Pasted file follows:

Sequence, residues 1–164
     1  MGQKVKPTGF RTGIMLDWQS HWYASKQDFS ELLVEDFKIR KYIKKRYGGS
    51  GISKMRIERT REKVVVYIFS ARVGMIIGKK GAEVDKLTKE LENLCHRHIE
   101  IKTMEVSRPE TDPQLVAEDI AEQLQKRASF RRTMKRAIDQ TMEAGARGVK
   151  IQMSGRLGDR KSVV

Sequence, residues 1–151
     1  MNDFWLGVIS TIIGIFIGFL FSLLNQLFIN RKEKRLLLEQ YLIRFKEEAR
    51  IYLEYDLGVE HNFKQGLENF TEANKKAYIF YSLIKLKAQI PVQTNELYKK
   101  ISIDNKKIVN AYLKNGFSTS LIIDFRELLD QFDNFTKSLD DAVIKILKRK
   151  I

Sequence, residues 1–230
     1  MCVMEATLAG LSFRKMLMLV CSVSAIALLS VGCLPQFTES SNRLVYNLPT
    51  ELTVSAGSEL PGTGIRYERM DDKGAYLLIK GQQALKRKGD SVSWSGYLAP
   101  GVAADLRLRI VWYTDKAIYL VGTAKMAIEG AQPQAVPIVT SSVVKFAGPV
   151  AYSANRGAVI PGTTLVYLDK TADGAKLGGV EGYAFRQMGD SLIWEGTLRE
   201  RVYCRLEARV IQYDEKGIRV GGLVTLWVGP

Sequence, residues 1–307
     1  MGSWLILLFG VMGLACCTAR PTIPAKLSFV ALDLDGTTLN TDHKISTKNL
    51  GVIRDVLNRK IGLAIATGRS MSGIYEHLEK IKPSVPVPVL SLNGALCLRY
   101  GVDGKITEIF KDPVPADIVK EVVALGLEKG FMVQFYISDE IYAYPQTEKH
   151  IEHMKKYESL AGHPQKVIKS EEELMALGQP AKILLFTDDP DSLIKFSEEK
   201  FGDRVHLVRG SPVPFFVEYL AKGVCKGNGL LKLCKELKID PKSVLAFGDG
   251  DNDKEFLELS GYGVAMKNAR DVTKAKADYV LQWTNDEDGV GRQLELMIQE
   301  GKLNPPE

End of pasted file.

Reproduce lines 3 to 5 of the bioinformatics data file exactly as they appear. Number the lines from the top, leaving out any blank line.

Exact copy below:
    51  GISKMRIERT REKVVVYIFS ARVGMIIGKK GAEVDKLTKE LENLCHRHIE
   101  IKTMEVSRPE TDPQLVAEDI AEQLQKRASF RRTMKRAIDQ TMEAGARGVK
   151  IQMSGRLGDR KSVV